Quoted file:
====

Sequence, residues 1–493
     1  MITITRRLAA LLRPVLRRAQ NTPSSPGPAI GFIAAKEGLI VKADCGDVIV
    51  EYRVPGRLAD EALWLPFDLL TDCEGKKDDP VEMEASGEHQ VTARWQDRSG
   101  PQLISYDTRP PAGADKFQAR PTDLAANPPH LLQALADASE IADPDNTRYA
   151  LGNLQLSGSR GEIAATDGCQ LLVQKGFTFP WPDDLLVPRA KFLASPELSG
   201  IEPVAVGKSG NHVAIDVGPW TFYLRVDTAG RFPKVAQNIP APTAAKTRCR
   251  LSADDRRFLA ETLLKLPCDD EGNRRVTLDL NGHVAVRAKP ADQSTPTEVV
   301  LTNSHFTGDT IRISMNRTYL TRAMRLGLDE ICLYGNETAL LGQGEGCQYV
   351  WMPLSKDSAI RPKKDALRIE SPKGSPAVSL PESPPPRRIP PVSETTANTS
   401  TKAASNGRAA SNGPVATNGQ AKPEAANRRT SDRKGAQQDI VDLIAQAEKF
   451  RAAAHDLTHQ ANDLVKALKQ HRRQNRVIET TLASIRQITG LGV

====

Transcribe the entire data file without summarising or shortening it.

Sequence, residues 1–493
     1  MITITRRLAA LLRPVLRRAQ NTPSSPGPAI GFIAAKEGLI VKADCGDVIV
    51  EYRVPGRLAD EALWLPFDLL TDCEGKKDDP VEMEASGEHQ VTARWQDRSG
   101  PQLISYDTRP PAGADKFQAR PTDLAANPPH LLQALADASE IADPDNTRYA
   151  LGNLQLSGSR GEIAATDGCQ LLVQKGFTFP WPDDLLVPRA KFLASPELSG
   201  IEPVAVGKSG NHVAIDVGPW TFYLRVDTAG RFPKVAQNIP APTAAKTRCR
   251  LSADDRRFLA ETLLKLPCDD EGNRRVTLDL NGHVAVRAKP ADQSTPTEVV
   301  LTNSHFTGDT IRISMNRTYL TRAMRLGLDE ICLYGNETAL LGQGEGCQYV
   351  WMPLSKDSAI RPKKDALRIE SPKGSPAVSL PESPPPRRIP PVSETTANTS
   401  TKAASNGRAA SNGPVATNGQ AKPEAANRRT SDRKGAQQDI VDLIAQAEKF
   451  RAAAHDLTHQ ANDLVKALKQ HRRQNRVIET TLASIRQITG LGV